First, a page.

The story of this royal visit bears reflection by all Canadians if for no other reason than to remind ourselves that ideology and political issues, as defined by a party in power, are not ultimate reality. These young people, as symbols of an institution that does not take sides in a political debate, (unless one considers the legitimate controversy surrounding Princess Diana's long-standing fight with the paparazzi a political debate). They are not scarred by the headlines depicting their "stand" on a tax hike, or a jet purchase, or a prison construction project. In that regard, they remain detached from such debates, and because of that they can remind us all of a larger and more important truth: that there will be other issues for other people at other times in the life of any country or town or city. These debates do not and must not be our only connection with the body politic; nor must the body politic be reduced to such mundane goals and objectives. There is, and there always has been, and there always will be a different and a more inspiring and a more symbolic and a more transcendent reality...and if it takes a few million dollars to sustain the symbols of that truth, then who can legitimately call such spending "parasitic" or useless or dangerous.
Who would want to have had a last twenty years of the last century without Princess Diana, her children and her tragic marriage and death? They are stories that mark a period in our lives, and in history generally, that speak to the emptiness of a marriage triad, that will never work. And when we learn that, when asked if the Prince of Wales were to come on bended knee seeking her permission to re-enter the marriage, after the divorce, after a very long pause, Princess Diana answered, "Yes," we learn about the humanity of a woman whose tutelage of her sons, and specifically of William, will be a gift that continues to give to him, to the people of his realm, if and when he assumes the throne, and to the world.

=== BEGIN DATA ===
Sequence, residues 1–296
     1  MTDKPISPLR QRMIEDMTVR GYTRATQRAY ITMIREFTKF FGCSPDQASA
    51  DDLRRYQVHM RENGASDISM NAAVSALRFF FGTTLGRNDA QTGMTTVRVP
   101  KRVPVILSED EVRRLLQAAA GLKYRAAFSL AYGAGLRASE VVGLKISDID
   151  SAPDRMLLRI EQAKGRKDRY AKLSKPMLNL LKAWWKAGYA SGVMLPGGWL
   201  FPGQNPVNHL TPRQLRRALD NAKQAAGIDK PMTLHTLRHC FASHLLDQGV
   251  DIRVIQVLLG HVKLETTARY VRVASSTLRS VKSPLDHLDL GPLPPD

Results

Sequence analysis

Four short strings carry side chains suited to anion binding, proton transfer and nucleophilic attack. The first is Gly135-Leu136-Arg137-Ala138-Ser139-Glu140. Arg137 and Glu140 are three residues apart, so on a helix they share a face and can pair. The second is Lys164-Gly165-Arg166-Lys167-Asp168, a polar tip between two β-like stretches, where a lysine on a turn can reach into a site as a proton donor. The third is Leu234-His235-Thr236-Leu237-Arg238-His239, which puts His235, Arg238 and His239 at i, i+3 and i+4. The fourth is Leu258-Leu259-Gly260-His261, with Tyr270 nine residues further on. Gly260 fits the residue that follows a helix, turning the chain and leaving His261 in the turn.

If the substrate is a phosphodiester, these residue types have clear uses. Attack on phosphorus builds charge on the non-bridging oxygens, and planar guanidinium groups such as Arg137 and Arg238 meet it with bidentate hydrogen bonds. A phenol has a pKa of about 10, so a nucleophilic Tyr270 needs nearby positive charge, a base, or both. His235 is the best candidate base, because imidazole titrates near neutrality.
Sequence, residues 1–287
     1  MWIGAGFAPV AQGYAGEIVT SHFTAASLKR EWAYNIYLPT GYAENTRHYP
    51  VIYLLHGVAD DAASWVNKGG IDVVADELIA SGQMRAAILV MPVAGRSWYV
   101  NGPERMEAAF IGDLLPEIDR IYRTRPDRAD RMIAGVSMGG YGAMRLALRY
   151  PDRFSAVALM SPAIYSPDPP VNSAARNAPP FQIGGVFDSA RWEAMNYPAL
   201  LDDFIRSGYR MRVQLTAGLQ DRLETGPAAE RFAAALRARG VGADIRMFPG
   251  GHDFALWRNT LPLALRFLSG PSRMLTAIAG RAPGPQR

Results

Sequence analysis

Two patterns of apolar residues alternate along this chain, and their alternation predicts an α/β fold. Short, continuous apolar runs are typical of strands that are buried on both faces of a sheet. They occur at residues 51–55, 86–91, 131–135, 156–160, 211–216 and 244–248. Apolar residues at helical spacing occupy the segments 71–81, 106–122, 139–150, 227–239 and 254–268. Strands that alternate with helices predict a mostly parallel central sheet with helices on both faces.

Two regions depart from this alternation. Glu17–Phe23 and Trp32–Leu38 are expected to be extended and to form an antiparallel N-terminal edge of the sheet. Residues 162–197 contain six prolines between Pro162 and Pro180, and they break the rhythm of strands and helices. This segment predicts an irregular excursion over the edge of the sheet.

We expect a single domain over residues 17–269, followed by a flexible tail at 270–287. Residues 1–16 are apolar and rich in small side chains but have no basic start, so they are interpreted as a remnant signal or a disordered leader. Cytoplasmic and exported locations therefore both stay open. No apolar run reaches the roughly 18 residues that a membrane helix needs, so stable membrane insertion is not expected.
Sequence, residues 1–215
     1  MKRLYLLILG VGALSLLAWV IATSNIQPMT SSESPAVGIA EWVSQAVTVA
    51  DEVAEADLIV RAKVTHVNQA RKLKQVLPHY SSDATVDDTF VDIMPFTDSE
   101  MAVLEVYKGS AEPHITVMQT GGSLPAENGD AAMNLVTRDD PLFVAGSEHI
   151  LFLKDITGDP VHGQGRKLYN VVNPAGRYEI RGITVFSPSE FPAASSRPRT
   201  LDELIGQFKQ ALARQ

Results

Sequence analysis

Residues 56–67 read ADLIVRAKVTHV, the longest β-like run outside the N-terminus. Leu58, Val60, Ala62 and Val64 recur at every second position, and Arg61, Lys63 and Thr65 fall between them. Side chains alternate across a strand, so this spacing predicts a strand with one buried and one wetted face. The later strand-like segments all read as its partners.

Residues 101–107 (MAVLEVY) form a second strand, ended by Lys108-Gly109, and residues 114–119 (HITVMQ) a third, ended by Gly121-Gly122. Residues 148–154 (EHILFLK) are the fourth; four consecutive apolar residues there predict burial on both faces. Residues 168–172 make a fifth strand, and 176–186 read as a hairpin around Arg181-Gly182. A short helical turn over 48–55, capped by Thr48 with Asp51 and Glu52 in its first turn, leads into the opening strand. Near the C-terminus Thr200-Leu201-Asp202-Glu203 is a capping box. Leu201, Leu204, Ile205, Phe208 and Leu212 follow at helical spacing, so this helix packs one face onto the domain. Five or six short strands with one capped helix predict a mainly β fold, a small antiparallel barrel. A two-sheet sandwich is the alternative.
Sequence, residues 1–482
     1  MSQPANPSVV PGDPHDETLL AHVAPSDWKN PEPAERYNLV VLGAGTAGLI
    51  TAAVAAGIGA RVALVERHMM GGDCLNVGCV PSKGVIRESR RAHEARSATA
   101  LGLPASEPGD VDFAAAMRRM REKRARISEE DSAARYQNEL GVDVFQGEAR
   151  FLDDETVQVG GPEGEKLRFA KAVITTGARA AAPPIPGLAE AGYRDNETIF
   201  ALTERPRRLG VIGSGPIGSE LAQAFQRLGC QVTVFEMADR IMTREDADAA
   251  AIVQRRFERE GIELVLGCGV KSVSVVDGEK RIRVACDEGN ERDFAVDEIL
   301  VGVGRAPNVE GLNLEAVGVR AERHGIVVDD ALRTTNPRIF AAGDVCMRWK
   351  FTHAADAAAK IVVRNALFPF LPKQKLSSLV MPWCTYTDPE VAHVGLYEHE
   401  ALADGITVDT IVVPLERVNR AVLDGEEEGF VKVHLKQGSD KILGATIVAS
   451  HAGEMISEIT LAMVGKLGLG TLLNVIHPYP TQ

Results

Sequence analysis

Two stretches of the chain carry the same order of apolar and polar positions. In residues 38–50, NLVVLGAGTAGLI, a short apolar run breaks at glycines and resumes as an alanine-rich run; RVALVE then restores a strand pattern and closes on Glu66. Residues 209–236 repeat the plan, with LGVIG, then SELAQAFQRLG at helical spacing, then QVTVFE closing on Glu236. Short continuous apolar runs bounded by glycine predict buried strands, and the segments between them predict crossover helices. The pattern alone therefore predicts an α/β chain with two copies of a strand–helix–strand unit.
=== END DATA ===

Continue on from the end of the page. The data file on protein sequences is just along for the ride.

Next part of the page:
And, clearly from the reaching out of hundreds of thousands of people to catch a glimpse, to touch, to take a photo, just to be in the presence of Catherine and William, we can see explicitly and implicitly, just how hungry those people are/were for some of that "royal dust" to become a part of their family's history. And it is that bridging of the realities of humdrum and fairytale, of mortgages and fantasy, of budgets and romances, of mundane and meta history, of this finite moment and the infinite possibility both past and future, of modes of transportation and flights of dreams...that come with such a visit.
And while Canada and perhaps other countries in the Commonwealth have struggled with the "colonialism" of their state, as compared with independent nations, there is nothing either evil or cheap or debilitating or redundant in a royal family whose brokenness lies on the front pages for all to mourn, and whose hopes and dreams can and have been passed to a new generation for everyone, for all faiths, for all classes, for all languages and for all ethnicities.
And any who call such a gift "parasitic" have lost sight of the blessings and the graces that attend compassion, empathy and connection...in a world becoming nearly devoid of all of that.